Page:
If you are self-employed, then you are sure to find tax season stressful. This is especially true if this is your first year filing as a self-employed individual. While friends and family may receive a simple W-2 Form they can file painlessly, you might receive several unfamiliar forms. Instead of receiving a refund check, you may have taxes due. Filing taxes is particularly difficult for the self-employed, but some simple guidelines can help you navigate your way through the treacherous waters of tax season.
Your first step is to determine whether or not the IRS considers you an independent contractor. Business owners, freelancers and consultants fall into this category, but so do many others. They may consider you self-employed, even if you are working an ordinary job temporarily. If you are an independent contractor, then the person paying you does not withhold taxes from any payments made to you, nor is he or she going to have you complete a W-4 Form. Refer to IRS guidelines to determine whether or not you are self-employed under their rules.
Your next step is to determine your tax responsibilities. In addition to paying income taxes, self-employed individuals must also pay self-employment tax, which is a Medicare and Social Security tax for individuals who work for themselves. Your taxes are filed using a 1040 Form. Schedule SE is required if your self-employment income is at least $400 after deducting expenses. If your net self-employment income is less than $400, then you may not have to file at all. Refer to Form 1040 to determine if it is necessary for you to file.
The annual process of filing your taxes as a self-employed person is very similar to the filing process of anyone else. You have the option of filing by mail or online and you may use the same tax software as anyone else. However, there is one major difference between the tax responsibility of an independent contractor and that of a standard employee. Since you do not have an employer withholding these taxes for you, as an independent contractor, you are required to pay your estimated tax quarterly for the current year. Use Form 1040-ES to determine your estimated tax for the year. This form also includes vouchers to include in your quarterly tax payments. It is important to calculate your estimated tax and pay quarterly. As a self-employed person, you may end up paying a penalty if you do not do so.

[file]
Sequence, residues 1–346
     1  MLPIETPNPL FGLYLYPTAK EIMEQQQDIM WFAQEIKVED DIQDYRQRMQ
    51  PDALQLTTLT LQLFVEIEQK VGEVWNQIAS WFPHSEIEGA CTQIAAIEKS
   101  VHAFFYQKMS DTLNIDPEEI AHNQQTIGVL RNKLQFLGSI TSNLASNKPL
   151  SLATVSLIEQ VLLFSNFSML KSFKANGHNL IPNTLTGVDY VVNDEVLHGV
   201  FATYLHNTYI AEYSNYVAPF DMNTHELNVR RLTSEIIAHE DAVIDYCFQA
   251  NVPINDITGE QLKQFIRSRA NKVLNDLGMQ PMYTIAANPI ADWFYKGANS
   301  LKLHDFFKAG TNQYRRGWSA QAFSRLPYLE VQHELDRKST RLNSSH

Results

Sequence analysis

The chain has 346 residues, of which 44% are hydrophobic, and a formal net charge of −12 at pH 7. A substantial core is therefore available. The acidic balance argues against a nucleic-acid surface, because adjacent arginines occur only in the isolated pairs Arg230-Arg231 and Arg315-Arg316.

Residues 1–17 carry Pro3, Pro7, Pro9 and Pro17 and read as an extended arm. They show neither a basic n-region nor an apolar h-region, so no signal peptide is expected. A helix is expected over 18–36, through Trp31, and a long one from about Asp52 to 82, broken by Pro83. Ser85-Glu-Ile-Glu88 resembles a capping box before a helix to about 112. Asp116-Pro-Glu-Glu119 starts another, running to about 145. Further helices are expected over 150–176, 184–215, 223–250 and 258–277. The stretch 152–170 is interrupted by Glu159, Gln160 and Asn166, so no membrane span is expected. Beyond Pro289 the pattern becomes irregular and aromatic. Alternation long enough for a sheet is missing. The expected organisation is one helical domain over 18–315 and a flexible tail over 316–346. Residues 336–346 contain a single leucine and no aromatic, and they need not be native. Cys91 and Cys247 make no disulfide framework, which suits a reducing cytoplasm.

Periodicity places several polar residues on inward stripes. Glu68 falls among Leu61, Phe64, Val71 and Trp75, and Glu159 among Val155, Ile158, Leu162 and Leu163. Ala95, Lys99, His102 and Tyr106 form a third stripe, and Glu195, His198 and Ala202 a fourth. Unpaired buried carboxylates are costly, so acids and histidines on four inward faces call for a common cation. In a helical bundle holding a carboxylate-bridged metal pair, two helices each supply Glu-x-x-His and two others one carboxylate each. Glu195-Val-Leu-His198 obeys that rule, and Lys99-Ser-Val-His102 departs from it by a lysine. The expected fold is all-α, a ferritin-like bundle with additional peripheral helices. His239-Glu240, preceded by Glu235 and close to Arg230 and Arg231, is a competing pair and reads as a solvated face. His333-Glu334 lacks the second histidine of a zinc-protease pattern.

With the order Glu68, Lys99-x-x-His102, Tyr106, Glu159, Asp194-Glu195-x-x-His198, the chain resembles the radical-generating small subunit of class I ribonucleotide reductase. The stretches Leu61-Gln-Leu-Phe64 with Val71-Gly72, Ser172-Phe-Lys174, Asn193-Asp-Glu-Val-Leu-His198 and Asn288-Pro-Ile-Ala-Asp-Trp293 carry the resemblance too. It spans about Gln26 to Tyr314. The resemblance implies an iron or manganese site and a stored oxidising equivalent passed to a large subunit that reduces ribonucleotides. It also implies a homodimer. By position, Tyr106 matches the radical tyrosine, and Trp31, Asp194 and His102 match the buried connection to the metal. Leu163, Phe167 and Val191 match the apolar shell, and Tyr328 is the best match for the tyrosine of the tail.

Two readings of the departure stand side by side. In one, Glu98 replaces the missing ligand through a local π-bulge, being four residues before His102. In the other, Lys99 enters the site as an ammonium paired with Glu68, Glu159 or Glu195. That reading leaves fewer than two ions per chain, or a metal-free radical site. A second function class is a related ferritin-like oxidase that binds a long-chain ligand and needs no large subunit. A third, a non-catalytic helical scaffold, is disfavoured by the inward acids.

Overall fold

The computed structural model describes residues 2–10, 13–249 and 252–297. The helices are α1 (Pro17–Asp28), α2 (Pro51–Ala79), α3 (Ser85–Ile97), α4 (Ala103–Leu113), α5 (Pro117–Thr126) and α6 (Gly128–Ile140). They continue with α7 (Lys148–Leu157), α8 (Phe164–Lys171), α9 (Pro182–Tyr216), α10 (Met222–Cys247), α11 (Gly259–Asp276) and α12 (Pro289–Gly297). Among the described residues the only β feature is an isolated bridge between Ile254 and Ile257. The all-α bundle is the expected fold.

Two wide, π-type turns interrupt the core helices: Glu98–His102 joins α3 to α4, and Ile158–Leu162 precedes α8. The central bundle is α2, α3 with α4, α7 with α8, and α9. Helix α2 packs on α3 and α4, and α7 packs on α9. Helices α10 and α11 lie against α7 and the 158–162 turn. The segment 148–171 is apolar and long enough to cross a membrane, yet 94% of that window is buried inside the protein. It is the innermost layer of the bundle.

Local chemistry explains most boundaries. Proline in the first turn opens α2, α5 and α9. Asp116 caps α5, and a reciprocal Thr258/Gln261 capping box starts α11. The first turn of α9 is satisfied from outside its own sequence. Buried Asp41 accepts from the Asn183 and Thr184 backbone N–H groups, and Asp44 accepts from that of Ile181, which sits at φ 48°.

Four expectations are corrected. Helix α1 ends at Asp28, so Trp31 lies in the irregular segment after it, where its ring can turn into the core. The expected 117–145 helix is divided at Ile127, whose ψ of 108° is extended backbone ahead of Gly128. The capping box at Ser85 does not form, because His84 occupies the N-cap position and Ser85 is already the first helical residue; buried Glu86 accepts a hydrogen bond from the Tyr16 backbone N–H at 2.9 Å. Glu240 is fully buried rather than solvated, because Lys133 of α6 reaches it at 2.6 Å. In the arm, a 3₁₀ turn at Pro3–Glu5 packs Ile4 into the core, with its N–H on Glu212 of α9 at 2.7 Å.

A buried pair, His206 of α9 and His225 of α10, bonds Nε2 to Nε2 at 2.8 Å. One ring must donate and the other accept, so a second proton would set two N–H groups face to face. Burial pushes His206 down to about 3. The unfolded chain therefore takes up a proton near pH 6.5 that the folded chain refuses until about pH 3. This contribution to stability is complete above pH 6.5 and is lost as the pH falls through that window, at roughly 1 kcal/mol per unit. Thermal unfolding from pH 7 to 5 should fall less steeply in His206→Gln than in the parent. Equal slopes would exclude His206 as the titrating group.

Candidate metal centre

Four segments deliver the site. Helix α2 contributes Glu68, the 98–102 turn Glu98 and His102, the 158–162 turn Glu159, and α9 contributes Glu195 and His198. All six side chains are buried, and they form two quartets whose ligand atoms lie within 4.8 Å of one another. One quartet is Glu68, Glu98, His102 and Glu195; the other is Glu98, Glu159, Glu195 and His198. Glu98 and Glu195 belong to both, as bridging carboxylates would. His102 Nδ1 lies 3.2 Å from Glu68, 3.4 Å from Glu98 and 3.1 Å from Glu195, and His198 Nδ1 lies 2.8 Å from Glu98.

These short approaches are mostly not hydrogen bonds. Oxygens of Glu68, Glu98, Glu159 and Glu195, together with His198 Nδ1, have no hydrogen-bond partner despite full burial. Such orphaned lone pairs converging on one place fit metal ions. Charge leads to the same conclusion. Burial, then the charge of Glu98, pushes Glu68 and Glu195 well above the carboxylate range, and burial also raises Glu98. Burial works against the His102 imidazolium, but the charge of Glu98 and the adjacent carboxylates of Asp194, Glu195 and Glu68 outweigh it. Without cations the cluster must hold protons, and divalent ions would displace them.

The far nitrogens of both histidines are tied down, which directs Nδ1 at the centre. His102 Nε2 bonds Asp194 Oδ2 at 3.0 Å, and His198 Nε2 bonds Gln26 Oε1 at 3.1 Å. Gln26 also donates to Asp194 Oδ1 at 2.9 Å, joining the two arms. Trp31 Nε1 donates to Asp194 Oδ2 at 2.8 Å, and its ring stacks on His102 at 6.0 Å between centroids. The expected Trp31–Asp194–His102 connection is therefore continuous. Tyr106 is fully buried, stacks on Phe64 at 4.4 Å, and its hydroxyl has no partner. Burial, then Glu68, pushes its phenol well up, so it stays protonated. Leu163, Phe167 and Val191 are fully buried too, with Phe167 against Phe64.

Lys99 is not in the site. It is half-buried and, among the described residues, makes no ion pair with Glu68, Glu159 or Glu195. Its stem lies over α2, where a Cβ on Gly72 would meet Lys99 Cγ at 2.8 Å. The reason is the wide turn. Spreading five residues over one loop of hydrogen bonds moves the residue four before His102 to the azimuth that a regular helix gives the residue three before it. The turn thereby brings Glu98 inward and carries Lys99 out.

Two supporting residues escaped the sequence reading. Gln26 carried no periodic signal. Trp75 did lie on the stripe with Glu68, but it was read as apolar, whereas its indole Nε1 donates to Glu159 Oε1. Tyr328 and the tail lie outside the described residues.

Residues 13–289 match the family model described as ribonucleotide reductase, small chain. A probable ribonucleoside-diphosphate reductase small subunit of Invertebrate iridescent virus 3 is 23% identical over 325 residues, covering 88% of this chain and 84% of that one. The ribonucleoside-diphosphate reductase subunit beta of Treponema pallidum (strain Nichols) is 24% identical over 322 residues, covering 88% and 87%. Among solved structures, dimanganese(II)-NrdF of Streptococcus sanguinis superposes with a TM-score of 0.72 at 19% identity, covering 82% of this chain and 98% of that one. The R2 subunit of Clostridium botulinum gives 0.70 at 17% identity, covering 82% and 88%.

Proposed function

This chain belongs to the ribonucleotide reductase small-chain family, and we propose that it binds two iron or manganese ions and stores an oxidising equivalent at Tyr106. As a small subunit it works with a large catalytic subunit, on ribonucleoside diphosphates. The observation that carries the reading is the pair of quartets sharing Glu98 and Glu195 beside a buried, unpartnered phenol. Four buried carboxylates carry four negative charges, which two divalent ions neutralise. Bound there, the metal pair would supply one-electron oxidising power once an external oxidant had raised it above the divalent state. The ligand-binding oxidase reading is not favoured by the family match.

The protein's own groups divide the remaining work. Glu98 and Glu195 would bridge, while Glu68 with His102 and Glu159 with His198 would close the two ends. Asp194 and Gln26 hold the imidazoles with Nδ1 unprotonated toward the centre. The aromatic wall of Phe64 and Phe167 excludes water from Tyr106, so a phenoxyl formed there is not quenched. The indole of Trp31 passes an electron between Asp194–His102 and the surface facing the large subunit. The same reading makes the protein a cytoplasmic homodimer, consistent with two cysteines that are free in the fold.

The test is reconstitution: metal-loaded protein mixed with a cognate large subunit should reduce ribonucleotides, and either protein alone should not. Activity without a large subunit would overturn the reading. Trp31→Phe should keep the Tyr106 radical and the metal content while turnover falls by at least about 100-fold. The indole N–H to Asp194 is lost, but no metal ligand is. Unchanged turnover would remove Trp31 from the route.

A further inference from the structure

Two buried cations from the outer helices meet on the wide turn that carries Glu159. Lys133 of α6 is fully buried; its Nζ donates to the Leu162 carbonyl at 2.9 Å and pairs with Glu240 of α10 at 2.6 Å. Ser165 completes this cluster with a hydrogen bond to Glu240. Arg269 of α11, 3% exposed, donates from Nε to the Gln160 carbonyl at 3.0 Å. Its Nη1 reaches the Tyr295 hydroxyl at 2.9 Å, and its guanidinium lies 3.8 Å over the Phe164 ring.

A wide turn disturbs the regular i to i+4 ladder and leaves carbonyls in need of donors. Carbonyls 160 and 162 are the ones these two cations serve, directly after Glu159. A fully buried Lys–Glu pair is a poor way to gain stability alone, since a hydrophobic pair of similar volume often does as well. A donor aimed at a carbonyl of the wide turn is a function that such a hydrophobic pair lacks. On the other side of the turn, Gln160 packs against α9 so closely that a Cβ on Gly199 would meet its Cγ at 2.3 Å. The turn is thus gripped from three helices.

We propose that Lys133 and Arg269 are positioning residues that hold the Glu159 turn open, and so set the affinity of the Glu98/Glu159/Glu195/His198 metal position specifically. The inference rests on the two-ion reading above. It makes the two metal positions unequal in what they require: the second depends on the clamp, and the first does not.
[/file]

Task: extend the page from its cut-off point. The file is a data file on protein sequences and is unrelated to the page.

Filing taxes is no one's favorite activity, but there is no reason to dread the process jut because you are self-employed. Although working an independent contractor includes an additional self-employment tax and the necessity of paying taxes quarterly, these responsibilities are not as onerous as they may sound at first. Although you use different forms, the process of filing is no more difficult. With a little research and practice, you can learn to file your taxes with ease.